Monday, January 16, 2012

Flourishing, or the Pursuit of Happiness

I'm going to take as my theme for 2012 the idea of flourishing.  It's a wonderful word, luxuriant in its optimism, but I became more interested in it last year as I was listening to a series of lectures on early American history.  The topic was especially pointing to the moral and classical underpinnings of some of the Revolutionary ideals.  Now, I'll briefly apologize right off that history is not my best subject, but jumping off a deep end with lots of thoughts is.  So I'll stick with my strengths.

Here's the crux of what germinated in my mind after listening to these lectures: that flourishing is what we really all seek, what government was hopefully designed to encourage and allow, and that flourishing must specifically include tangible extensions of ourselves, or the process of creating something that will last.  You can't truly flourish without leaving something behind.  It was even posited as the original idea behind the well-known Pursuit of Happiness we all enthrone.  Or as it originally stood, the Pursuit of Property.  Many people have lauded the change from property to happiness as the end in mind, but what surprised me was that they were more synonymous (and less greedy) than we may have realized.  Property in its strictest and oldest definition was not simply the accumulation of goods; you can't really claim, in a deeper moral sense, that the fancy gizmo you purchased and flash around is "yours".  You can use it, yes, even personalize it as our modern fetish would have you, but none of your own moral fiber went into its creation.

On the other hand, a painter truly "owns" their work, even if it has been bought by a gallery or collector.  Property accumulation was a slow labor of love, as a farmer worked his land and improved its buildings and groves, passing them on to his children, or as a mother sewed quilts to warm and cheer her family.

In fact, just last night I sat in a meeting at which I heard about some quilts that were made and used just last year in my area.  Our stake (basically the whole state of Delaware) had encouraged its Primary-aged children to keep track of their scripture reading in 2011, and each 10 days they read would represent a quilt square.  These quilts were real, not figurative, and throughout the year volunteers sewed them as they were "earned" by this spiritual effort.  I don't know how many there were at the end (though I know who to ask), but I know there were far, far more than the leaders expected when they proposed the project.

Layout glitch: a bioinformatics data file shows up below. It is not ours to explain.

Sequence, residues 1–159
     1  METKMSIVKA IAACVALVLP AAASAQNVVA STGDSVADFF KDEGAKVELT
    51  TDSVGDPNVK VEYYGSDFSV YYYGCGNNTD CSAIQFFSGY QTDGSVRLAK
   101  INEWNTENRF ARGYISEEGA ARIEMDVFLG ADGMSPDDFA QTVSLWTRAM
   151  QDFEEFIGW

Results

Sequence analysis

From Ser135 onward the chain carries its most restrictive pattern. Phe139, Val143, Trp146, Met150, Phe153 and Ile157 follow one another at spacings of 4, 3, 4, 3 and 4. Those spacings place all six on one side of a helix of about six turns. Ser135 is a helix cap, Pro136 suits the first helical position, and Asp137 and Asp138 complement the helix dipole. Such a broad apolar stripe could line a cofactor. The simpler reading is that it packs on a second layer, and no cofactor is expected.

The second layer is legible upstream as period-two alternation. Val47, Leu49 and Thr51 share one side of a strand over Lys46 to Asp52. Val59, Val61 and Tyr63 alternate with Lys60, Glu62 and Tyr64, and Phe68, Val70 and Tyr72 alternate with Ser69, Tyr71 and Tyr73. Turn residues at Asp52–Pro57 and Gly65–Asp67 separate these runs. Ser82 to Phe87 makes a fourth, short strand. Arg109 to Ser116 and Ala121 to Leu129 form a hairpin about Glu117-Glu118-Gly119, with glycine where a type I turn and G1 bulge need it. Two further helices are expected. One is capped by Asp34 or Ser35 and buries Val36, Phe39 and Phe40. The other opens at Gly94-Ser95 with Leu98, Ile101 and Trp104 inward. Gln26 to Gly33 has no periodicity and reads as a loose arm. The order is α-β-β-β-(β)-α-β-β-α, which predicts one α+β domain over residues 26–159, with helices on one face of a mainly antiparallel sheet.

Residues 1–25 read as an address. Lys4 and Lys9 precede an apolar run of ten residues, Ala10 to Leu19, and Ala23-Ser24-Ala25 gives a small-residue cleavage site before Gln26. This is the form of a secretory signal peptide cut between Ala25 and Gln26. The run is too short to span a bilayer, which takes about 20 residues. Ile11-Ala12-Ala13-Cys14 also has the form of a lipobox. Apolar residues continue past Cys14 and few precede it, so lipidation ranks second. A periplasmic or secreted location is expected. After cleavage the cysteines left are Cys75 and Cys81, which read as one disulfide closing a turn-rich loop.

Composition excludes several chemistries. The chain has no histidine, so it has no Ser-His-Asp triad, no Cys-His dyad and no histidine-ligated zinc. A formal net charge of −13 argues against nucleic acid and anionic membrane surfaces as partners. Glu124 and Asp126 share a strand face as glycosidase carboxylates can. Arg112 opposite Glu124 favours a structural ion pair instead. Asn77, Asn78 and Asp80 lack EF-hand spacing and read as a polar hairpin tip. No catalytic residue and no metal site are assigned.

There was a bishop in the neighboring ward who was struggling with pancreatic cancer in 2011, and whose condition became clearly terminal as the year progressed.  He wasn't all that old, maybe a very young grandfather, and he passed away sometime in early December.  He received one of the first quilts completed by the children in his ward, and reportedly wore it everywhere until he died -- at home, in the hospital, and there were even jokes about him being buried in it.  (His family kept it as a memento in the end.)

That is the kind of property, and pursuit of happiness, and flourishing, that I think the founding fathers were trying to express.  That quilt didn't just come from a store; it didn't even "just" come from a neighbor's hands, made with care; it was truly consecrated by the love and spirit of those young people that he had known and served in his turn.  What a gift, and what a truly lasting creation, both in temporal and spiritual terms.  The quilt has an origin, and the children have a stronger spirit and a memory that I think would qualify as flourishing.

As a young adult, I often mocked those who liked handicrafts, and preferred deep, internal, intellectual pursuits.  I still like those, but I have come to understand another side of what we crave as humans.  This year, I'd like to really understand what I have and will leave behind, and try to consciously pursue those things that are of lovely, and of good report, and praiseworthy, and that reflect my heart and what I've worked to plant there.

Let this blog be a beginning.

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